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<sect1 id="ch-scripts-usage">
  <?dbhtml filename="usage.html"?>

  <title>How Do These Bootscripts Work?</title>

  <indexterm zone="ch-scripts-usage">
    <primary sortas="a-Bootscripts">Bootscripts</primary>

  <para>Linux uses a special booting facility named SysVinit that is
  based on a concept of <emphasis>run-levels</emphasis>. It can be quite
  different from one system to another, so it cannot be assumed that
  because things worked in one particular Linux distribution, they should work
  the same in CLFS too. CLFS has its own way of doing things, but it
  respects generally accepted standards.</para>

  <para>SysVinit (which will be referred to as <quote>init</quote> from
  now on) works using a run-levels scheme. There are seven (numbered 0 to 6)
  run-levels (actually, there are more run-levels, but they are for
  special cases and are generally not used. See <filename>init(8)</filename>
  for more details), and each one of those corresponds to the actions the
  computer is supposed to perform when it starts up. The default
  run-level is 3. Here are the descriptions of the different run-levels
  as they are implemented:</para>

<literallayout>0: halt the computer
1: single-user mode
2: multi-user mode without networking
3: multi-user mode with networking
4: reserved for customization, otherwise does the same as 3
5: same as 4, it is usually used for GUI login (like X's <command>xdm</command> or KDE's <command>kdm</command>)
6: reboot the computer</literallayout>

  <para>The command used to change run-levels is <command>init
  <replaceable>[runlevel]</replaceable></command>, where
  <replaceable>[runlevel]</replaceable> is the target run-level. For example,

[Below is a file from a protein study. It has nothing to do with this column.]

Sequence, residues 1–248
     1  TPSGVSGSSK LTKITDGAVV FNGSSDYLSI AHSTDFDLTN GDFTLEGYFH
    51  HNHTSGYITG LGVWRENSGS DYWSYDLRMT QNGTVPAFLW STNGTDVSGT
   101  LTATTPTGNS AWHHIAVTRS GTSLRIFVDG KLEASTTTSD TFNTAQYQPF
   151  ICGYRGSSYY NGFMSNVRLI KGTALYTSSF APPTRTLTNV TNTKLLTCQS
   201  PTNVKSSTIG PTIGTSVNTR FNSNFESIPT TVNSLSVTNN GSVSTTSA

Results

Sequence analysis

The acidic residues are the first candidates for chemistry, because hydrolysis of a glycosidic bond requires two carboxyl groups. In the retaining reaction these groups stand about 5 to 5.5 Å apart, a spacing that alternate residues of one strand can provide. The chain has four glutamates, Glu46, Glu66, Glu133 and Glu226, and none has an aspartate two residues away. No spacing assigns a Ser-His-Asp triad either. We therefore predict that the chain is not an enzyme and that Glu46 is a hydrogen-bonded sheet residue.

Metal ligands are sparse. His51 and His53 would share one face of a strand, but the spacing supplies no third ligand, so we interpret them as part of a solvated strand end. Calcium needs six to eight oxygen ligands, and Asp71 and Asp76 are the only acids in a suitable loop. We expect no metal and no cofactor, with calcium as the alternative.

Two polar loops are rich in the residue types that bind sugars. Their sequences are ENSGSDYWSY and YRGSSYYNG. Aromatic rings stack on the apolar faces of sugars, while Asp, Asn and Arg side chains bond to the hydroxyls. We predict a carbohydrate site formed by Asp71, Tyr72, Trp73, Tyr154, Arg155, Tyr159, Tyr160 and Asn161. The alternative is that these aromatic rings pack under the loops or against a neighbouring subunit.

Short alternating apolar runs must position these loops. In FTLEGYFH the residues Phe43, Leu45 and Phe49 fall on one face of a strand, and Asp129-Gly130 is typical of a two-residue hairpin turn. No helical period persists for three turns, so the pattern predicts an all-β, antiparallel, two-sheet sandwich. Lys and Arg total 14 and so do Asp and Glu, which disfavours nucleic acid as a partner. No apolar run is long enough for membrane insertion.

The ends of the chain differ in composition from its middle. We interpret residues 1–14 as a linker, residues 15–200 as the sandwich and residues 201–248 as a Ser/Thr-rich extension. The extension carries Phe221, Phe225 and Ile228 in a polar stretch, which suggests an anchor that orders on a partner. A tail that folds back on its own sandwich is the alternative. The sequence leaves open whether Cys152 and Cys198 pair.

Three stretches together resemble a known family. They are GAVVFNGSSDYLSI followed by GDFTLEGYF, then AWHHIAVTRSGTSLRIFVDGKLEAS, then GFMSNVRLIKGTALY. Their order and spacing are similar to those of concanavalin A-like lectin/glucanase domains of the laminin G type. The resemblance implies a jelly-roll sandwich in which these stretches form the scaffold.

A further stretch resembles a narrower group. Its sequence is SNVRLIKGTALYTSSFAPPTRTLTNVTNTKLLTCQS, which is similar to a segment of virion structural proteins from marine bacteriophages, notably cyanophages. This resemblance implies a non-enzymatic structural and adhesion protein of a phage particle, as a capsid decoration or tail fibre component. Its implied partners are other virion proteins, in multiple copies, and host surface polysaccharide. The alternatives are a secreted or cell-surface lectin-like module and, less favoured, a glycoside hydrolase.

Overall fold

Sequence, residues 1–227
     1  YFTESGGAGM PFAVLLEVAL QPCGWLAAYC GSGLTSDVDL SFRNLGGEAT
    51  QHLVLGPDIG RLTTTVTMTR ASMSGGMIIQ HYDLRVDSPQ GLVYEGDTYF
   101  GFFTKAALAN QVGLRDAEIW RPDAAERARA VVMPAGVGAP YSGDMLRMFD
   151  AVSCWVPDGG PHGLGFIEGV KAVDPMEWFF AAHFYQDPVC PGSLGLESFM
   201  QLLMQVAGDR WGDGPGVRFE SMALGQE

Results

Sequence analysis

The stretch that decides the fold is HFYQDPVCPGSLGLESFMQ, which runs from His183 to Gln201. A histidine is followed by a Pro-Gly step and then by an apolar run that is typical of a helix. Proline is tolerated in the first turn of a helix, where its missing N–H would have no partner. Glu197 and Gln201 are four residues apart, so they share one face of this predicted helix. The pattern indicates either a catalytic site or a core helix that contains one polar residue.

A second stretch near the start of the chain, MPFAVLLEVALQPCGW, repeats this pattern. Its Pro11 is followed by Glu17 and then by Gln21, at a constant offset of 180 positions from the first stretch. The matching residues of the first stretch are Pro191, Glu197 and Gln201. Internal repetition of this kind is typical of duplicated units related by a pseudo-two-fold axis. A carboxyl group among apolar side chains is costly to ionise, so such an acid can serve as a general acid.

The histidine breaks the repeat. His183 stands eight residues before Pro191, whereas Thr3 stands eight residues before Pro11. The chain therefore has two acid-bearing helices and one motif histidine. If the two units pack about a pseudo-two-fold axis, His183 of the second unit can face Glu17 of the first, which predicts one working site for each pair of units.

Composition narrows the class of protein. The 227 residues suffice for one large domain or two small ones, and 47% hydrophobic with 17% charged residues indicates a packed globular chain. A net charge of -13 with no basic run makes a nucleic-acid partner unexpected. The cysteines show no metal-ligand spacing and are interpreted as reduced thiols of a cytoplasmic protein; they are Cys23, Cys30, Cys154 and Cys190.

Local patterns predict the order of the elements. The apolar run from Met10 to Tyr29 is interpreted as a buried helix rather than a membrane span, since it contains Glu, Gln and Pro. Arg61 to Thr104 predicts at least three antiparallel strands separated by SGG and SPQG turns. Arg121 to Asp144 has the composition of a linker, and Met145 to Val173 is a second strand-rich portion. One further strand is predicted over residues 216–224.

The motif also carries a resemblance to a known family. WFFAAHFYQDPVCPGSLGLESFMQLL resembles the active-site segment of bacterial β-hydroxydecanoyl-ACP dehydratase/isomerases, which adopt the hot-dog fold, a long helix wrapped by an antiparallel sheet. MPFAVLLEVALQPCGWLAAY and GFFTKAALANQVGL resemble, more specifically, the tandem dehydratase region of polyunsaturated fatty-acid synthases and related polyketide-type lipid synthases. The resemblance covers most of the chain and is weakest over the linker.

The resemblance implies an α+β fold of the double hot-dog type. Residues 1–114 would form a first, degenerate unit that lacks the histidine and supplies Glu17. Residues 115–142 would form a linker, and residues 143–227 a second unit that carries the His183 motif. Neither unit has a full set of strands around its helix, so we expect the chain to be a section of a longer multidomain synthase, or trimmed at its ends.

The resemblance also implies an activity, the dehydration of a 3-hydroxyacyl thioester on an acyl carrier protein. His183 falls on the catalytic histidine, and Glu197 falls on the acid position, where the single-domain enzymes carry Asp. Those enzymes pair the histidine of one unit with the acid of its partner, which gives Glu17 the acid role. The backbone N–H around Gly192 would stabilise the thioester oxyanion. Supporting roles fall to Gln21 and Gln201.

to reboot the computer, a user could issue the <command>init 6</command>
  command, which is an alias for the <command>reboot</command> command.
  Likewise, <command>init 0</command> is an alias for the
  <command>halt</command> command.</para>

  <para>There are a number of directories under <filename
 class="directory">/etc/rc.d</filename> that look like <filename
 class="directory">rc?.d</filename> (where ? is the number of the
  run-level) and <filename class="directory">rcsysinit.d</filename>, all
  containing a number of symbolic links. Some begin with a
  <emphasis>K</emphasis>, the others begin with an
  <emphasis>S</emphasis>, and all of them have two numbers following the
  initial letter. The K means to stop (kill) a service and the S means
  to start a service. The numbers determine the order in which the
  scripts are run, from 00 to 99&mdash;the lower the number the earlier it
  gets executed. When <command>init</command> switches to another run-level,
  the appropriate services are either started or stopped, depending on the
  runlevel chosen.</para>

  <para>The real scripts are in <filename
 class="directory">/etc/rc.d/init.d</filename>. They do the actual work,
  and the symlinks all point to them. Killing links and starting links point
  to the same script in <filename class="directory">/etc/rc.d/init.d</filename>.
  This is because the scripts can be called with different parameters like
  <option>start</option>, <option>stop</option>, <option>restart</option>,
  <option>reload</option>, and <option>status</option>. When a K link is
  encountered, the appropriate script is run with the <option>stop</option>
  argument. When an S link is encountered, the appropriate script is run
  with the <option>start</option> argument.</para>

  <para>There is one exception to this explanation. Links that start
  with an <emphasis>S</emphasis> in the <filename
 class="directory">rc0.d</filename> and <filename
 class="directory">rc6.d</filename> directories will not cause anything
  to be started. They will be called with the parameter
  <option>stop</option> to stop something. The logic behind this
  is that when a user is going to reboot or halt the system, nothing
  needs to be started. The system only needs to be stopped.</para>

  <para>These are descriptions of what the arguments make the scripts

        <para>The service is started.</para>

        <para>The service is stopped.</para>

        <para>The service is stopped and then started again.</para>

        <para>The configuration of the service is updated. This is used
        after the configuration file of a service was modified, when the
        service does not need to be restarted.</para>

        <para>Tells if the service is running and with which PIDs.</para>

  <para>Feel free to modify the way the boot process works (after all,
  it is your own CLFS system). The files given here are an example of how
  it can be done.</para>